The common gateway is implemented by two classes: the gateway itself, containing some static variables and functions, and the common data class, holding the functions and variables as methods and properties.

Since the gateway will be accessed many times in the application, its class name should be short. The '' symbol is used here as an example to access the gateway in way that is noticeable in your code:

 * gateway to common methods & properties
 * @package     System
 * @author      Vallo Reima
 * @copyright   (C)2012

class  {

  public static $_;                 /* commons instance */

  public static function Init($class) {
    self::$_ = new $class();        /* instantiate the commons class */

  public static function __callStatic($func, $args) { /* access common method */
    return call_user_func_array(array(self::$_, $func), $args);



The gateway class must be included in the beginning of the application. The common data class must be instantiated via the Init() method. For example, the ::Init('Site') statement above instantiates the Site class of common data and assigns its object value to the $_ property (this name is also picked to be as short as possible for frequent accesses). The Site class must be included or loaded via autoload before the Init() call.

The common data class contains public variables and functions (not static) like global functions and variables, and private variables and functions for internal use. Common variables can be organized in several ways. A good choice is to hold them in the stdClass() object and access via __get() and __set() magic methods.

An example below demonstrates the gateway approach with Site class rewritten from previous example:

class Site {
  /* common variables and functions - gateway approach */

  private $data;        /* common variables structure */
  private $txts = array(/* texts */
      'en_tit' => 'A gateway approach to manage common data',
      'en_hi' => "Thank's for attention!");

  public function __construct()
  /* create a variables structure */ {
    $this->data = new stdClass();

  public function __get($prp)
  /* get common variable value */ {
    return $this->data->$prp;

  public function __set($prp, $val)
  /* get common variable value */ {
    $this->data->$prp = $val;

  public function Config($lng)
  /* set configuration */ {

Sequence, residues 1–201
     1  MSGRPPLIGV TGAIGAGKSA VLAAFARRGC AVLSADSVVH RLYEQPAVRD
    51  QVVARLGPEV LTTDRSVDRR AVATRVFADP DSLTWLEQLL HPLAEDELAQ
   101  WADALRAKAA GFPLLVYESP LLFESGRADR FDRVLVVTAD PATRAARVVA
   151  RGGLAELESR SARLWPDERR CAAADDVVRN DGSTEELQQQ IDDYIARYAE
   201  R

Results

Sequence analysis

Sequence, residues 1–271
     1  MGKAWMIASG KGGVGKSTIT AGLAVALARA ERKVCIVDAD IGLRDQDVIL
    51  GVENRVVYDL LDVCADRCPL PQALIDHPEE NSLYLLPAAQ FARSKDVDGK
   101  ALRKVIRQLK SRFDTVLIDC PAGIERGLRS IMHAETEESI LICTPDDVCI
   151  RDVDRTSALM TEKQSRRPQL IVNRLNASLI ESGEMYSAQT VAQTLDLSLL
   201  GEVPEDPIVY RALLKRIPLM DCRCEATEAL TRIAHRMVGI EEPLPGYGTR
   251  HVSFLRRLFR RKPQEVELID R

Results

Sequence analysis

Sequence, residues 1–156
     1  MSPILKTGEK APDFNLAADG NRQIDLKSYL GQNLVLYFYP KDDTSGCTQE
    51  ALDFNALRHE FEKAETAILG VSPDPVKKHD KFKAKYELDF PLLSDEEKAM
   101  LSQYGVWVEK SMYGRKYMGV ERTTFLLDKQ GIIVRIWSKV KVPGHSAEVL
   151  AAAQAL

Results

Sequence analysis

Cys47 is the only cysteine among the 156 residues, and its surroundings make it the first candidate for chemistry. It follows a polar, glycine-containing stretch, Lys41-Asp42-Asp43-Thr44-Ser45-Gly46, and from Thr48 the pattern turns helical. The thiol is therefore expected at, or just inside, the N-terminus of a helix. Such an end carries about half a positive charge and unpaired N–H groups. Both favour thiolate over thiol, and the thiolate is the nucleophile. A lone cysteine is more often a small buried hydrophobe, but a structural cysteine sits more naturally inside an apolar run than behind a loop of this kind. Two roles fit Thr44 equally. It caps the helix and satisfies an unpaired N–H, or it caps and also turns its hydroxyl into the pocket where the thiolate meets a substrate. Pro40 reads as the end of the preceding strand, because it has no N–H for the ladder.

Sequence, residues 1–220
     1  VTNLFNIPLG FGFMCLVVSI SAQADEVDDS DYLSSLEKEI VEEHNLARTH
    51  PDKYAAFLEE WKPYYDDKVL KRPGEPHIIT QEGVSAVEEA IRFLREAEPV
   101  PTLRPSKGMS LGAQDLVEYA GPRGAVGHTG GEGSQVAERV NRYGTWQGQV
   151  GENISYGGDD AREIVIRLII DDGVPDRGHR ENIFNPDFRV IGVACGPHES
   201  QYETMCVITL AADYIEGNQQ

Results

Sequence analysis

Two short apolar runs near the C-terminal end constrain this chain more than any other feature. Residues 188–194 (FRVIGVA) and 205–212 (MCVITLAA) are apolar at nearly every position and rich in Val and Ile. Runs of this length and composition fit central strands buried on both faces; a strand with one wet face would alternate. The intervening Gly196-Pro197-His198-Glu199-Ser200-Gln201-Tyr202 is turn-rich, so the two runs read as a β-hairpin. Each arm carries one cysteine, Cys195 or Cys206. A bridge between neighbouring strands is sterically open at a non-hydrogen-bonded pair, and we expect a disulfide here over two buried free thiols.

$this->data->lang = $lng;

  private function Init()
  /* init commons  */ {
    $this->title = $this->Msg('tit');

  public function Msg($txt)
  /* form a message */ {
    $t = $this->data->lang . '_' . $txt;
    return $this->txts[$t];


::Init('Site');  /* instantiate commons */
::Config('en');  /* startup */
Bye();            /* finish */

function Bye()
/* exit the program */ {
  $m = ::$_->title . '. ' . ::Msg('hi');

The common class functions Config() and Msg() are called through the gateway class using overloading of __callStatic method (see the gateway example).

The common variable $title is accessed via the gateway property $_ using the property overloading within the common data class. Unfortunately, property overloading for a static context (like __getStatic and __setStatic) is not supported yet by PHP. Therefore a prefix ::$_-> is needed for common variables. But these functions added by the gateway class can be complemented to allow a shorter notation (like ::$title instead of ::$_->title).


There is no universal solution for all problems. This applies to common data access too. The static approach could be used for smaller projects and gateway approach for larger ones. It is important to plan for the right type of usage of your application.

Constants could be used instead of the variables. Constants are initialized once and not changed during the program execution. The variable values not used very frequently could be passed as parameters between the functions.

An argument against wrapping the common data into the classes is a slower performance. But the speed difference is most likely negligible in most applications, as I/O operations like file, network and database accesses are usually the bottleneck. An effective control over data flow weights up a loss in speed.

However, functions and variables that are used so often that can affect performance, can be placed in the global scope and then we use of the global keyword inside functions.

The gateway class approach can be complemented with other approaches to have more control over common data.

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1. Excellent tutorial - Yoni Lamri (2015-05-12 09:54)
Excellent tutorial... - 1 reply
Read the whole comment and replies